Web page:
Ultimately, though, it’s up to you. I think people should play the way they want to play, whether that’s fingerpicking, flatpicking, hybrid picking, or several different ways.
GN: Can anyone become a fingerstyle guitarist? What advice can you give someone who’s just trying it out for the first time?
Andrew: Most definitely anybody can learn! It may seem intimidating to the first-time to watch each finger moving independently and imagine trying to do that yourself. But when you break down the moves, focus on the fingers individually and gradually put things together, it’s manageable. Even if you haven’t tried fingerpicking before, there are plenty of other activities that use your fingers independently””whether that’s working in the shop, crafting, or typing on your keyboard. So many people already have a head start that they may not realize.
When people are excited to learn something new, they often want to be able to do it now! But it’s important to approach fingerpicking with patience and take it as slowly as you need to””just like any type of playing. Don’t let yourself get frustrated if your fingers don’t pick it up immediately. With steady practice over time, they will. Make sure you’re comfortable with each exercise or example you’re learning before you move on, and make sure you can play it cleanly, too. This may mean that you have to slow the tempo down to a crawl at first, but that way your fingers really learn the motions before you speed it up. If you rush through things, you may “learn” bad habits or mistakes that can be harder to “unlearn” later on.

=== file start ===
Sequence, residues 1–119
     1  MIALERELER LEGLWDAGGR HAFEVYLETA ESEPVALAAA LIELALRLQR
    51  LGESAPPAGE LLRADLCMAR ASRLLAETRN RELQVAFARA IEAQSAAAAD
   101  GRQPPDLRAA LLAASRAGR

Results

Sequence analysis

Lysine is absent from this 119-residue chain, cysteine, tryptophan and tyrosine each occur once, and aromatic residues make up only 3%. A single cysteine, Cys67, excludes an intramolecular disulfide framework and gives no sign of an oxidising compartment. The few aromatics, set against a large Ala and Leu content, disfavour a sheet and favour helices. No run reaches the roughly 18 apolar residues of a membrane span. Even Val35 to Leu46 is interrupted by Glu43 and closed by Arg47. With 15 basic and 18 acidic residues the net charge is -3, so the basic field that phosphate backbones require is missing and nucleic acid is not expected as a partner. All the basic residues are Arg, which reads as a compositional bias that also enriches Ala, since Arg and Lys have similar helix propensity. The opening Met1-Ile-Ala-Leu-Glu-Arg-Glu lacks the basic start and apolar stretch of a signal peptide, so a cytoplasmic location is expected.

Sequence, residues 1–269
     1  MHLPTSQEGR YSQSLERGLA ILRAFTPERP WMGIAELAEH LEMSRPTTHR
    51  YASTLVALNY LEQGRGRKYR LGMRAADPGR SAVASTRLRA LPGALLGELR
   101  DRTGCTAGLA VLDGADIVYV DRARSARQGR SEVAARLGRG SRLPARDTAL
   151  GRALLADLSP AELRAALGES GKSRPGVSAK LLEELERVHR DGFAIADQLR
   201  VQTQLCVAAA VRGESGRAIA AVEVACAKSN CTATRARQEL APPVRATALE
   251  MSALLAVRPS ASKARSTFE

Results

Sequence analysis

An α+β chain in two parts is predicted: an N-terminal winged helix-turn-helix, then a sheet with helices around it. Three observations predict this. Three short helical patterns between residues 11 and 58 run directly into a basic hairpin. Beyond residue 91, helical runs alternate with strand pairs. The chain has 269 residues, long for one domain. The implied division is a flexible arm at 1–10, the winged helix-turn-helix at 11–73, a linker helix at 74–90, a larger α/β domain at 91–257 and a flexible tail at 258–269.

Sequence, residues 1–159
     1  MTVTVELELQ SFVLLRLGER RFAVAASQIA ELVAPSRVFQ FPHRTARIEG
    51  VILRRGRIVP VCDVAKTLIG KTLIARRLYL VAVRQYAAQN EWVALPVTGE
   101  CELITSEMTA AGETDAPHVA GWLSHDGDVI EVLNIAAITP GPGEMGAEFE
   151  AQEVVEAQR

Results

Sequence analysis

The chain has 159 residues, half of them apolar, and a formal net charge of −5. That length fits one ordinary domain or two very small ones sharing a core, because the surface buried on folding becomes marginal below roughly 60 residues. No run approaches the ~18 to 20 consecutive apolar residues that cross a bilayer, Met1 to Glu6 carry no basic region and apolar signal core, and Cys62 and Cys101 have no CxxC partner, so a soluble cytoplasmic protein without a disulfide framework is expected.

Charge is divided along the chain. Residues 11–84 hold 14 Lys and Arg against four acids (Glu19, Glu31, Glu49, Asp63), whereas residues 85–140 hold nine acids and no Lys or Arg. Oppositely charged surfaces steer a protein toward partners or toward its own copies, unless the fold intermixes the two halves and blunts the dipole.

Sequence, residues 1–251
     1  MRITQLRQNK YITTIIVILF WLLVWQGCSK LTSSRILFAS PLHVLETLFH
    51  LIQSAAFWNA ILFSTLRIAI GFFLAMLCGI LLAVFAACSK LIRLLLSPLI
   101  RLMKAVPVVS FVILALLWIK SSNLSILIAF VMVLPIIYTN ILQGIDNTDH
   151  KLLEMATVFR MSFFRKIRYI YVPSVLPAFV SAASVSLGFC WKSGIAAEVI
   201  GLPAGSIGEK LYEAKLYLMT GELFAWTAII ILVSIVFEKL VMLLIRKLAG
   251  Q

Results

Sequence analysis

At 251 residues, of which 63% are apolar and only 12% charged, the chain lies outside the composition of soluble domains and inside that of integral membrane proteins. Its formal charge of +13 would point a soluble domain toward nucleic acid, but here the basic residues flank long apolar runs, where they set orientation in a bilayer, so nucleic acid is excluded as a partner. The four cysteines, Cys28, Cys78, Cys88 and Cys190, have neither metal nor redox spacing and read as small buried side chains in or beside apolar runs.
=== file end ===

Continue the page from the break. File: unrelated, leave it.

GN: What sort of habits are beginning fingerpickers bound to make? How do you coach and encourage them through their initial frustrations?
Andrew: One thing that can be difficult is using each finger to pluck the correct string. If you leave your hand hovering over the guitar it can often be hard to pluck the string you want! Using guides can often help here. One way is to plant your pinky on the fretboard just below the first string (the one closest to the floor). Then your other fingers will always be in the same place relative to the strings. Another way is to use the strings themselves as guides, letting any fingers that aren’t playing strings rest on the strings that they’re assigned to. This also helps you dampen unwanted string noise. Once folks are comfortable picking, they won’t always need as many guides, but they can still come in handy!
GN: There’s definitely a lot to keep in mind when taking up fingerpicking! Keeping that in mind, is it possible to try to cram too much into a single practice session?
Andrew: And it’s better to chip away at it by putting in fifteen minutes every day, than to practice two hours every once in a while. There’s only so much you can soak in during a practice session and short but focused practice always helps you assimilate things more quickly than unfocused and irregular marathon sessions. I talk about this a bit on my Homespun video (“The Guitarist’s Personal Practice Trainer”). It’s about developing consistent practice plans, but the main focus is on a series of exercises that will help guitarists increase their left-hand dexterity and flexibility. I play it with a pick, but the exercises can be done with fingers, as well.